Shock and Stabilization

  1. What type of catheters have potential for increased damage to vessel walls?
    Larger, rigid catheters
  2. Common materials for catheters (4)
    • 1. Teflon
    • 2. Polypropylene
    • 3. Polyurethane
    • 4. Silicone
  3. Less common IVC placement sites (3)
    • 1. Dorsal common digital veins
    • 2. Auricular veins
    • 3. Lingual veins
  4. What catheter placement sites may reach the heart faster?
    IVC placed centrally or in the cephalic region
  5. Movement of IVC within vein potentially causes what? (3)
    • 1. Increased damage to vessel wall
    • 2. Risk of thrombus formation
    • 3. Phlebitis
  6. Complications of surgical cut-down for IVC placement (6)
    • 1. Perforation of vascular wall
    • 2. Hematoma
    • 3. Thrombosis
    • 4. Venous transection
    • 5. Infection
    • 6. Cellulitis
  7. Advantages of central venous catheter over peripheral catheter (4)
    • 1. Longer dwell time
    • 2. Safer administration of hyperosmolar solutions such as TPN
    • 3. Measurement of CVP
    • 4. Blood sampling
  8. Why are certain catheters contraindicated in patients with head trauma or other CNS disturbances?
    Jugular vein catheters contraindicated, occlusion for placement may increase intracranial pressure
  9. Seldinger technique
    Placing catheter over guide wire
  10. Advantage of polyurethane catheters in central venous placement
    They are antithrombic and last longer
  11. What will thrombosis feel like around a catheter site
    "Ropey" feel to vessel
  12. Important thing to remember about parenteral nutrition connection
    Parenteral nutrition lines should NEVER be disconnected to decrease the risk of infection
  13. Ionized calcium levels should  be / not be  measured on heparanized samples
    Not be
  14. What vein closely approximates oxygenation of arterial blood, and how should sample be collected?
    Sublingual veins in anesthetized patients, should be punctured with 25 gauge needle and 5 minutes of pressure should be applied after
  15. Arterial catheter sites (5)
    • 1. Dorsal metatarsal (dorsal pedal)
    • 2. Radial
    • 3. Coccygeal
    • 4. Femoral
    • 5. Auricular
  16. What are the only things that should be injected into an arterial line? (2)
    • 1. Heparanized flush
    • 2. Sterile flush
  17. Ischemic complications are more common in what species, and why?
    Cats - they have poorer collateral circulation compared to dogs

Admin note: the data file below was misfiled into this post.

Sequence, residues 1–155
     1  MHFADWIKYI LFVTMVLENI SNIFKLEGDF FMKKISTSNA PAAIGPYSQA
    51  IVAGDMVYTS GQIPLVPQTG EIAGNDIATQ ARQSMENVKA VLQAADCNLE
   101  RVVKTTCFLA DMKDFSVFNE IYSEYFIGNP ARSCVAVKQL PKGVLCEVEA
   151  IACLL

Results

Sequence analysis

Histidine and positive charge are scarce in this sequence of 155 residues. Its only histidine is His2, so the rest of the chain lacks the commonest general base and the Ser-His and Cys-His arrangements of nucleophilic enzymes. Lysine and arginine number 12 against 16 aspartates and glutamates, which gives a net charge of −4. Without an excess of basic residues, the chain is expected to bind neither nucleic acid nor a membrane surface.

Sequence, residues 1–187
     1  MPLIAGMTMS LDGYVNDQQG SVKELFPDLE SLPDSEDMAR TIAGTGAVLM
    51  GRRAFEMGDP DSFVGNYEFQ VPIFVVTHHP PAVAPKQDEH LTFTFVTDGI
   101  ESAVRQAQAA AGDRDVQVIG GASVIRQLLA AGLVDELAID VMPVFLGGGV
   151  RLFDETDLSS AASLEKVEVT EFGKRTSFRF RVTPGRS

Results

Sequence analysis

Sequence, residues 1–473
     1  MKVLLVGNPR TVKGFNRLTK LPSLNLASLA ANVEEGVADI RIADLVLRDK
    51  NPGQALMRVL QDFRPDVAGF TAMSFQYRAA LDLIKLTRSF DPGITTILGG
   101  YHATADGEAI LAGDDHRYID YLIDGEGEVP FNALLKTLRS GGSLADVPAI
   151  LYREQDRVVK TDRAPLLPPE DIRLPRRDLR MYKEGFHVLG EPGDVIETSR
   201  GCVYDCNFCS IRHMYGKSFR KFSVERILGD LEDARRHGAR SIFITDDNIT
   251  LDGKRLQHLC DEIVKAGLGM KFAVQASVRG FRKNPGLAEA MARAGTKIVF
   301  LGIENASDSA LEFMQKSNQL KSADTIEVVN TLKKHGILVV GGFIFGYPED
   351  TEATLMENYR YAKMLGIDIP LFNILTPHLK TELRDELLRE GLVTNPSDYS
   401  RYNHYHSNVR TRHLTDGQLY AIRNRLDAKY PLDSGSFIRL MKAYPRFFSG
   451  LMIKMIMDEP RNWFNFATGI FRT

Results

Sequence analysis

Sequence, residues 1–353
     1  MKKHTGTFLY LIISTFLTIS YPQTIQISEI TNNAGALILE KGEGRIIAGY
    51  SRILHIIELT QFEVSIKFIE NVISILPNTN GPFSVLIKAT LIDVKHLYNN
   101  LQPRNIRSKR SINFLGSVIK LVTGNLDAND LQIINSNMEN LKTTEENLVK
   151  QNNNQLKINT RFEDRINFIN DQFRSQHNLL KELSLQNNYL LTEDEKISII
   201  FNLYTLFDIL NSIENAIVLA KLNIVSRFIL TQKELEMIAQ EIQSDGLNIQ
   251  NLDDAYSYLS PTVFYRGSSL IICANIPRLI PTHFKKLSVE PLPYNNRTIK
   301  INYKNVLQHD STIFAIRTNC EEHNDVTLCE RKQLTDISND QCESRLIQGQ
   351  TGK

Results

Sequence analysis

18. Nosocomial infection:
    Hospital-acquired
  19. Risks linked to nosocomial infections (3):
    • 1. Increased morbidity and mortality
    • 2. lengthen hospital stays
    • 3. added cost to pt. care
  20. Types of IVC material (4) and preferred materials*:
    • 1. Teflon*
    • 2. Polyurethane*
    • 3. polyvinyl chloride
    • 4. polyethylene
    • *Per CDC - reduces risk of infection
  21. Increased/Decreased IVC diameter increases risk of thrombi
    Increased
  22. What inactivates povidone-iodine
    Alcohol
  23. Topical antibiotic ointment Should/Should Not be applied to insertion site for IVC
    should not
  24. Thermoregulatory center
    Hypothalmus
  25. Why shouldn't topical antibiotic ointment be applied to insertion sites?
    • Promotes fungal growth
    • Encourages bacterial resistance
  26. How often should insertion sites be cleaned and with what?
    Cleaned with chlorhexidine and allowed to dry every time dressings are changed
  27. Phlebitis
    Inflammation of vessel
  28. Signs of Phlebitis (4)
    • 1. Redness around site
    • 2. Heat
    • 3. Swelling
    • 4. Pain on palpation of site or when flushing IVC
  29. Thrombosis
    • Thrombus formation at tip or along outer length of catheter.
    • Intravascular coagulation of blood in circulatory system
  30. Signs of thrombosis (5)
    • 1. Pain on palpation or when flushing IVC
    • 2. Vessel feels hard or "ropey"
    • 3. Vessel appears distended without being occluded
    • 4. Edema above or below site
    • 5. Becomes difficult to flush or aspirate
  31. Thrombosis increases risk of what?
    Pulmonary embolism
  32. Why may generalized edema be present when administering IVF?
    Due to compromise in vascular retention status due to low colloid osmotic pressure
  33. PICC
    Peripherally Inserted Central Catheter
  34. Why should multiple attempts not be made to place IO catheter in same site?
    • Fluid may leak from hole if replacing or attempting multiple placements in same bone.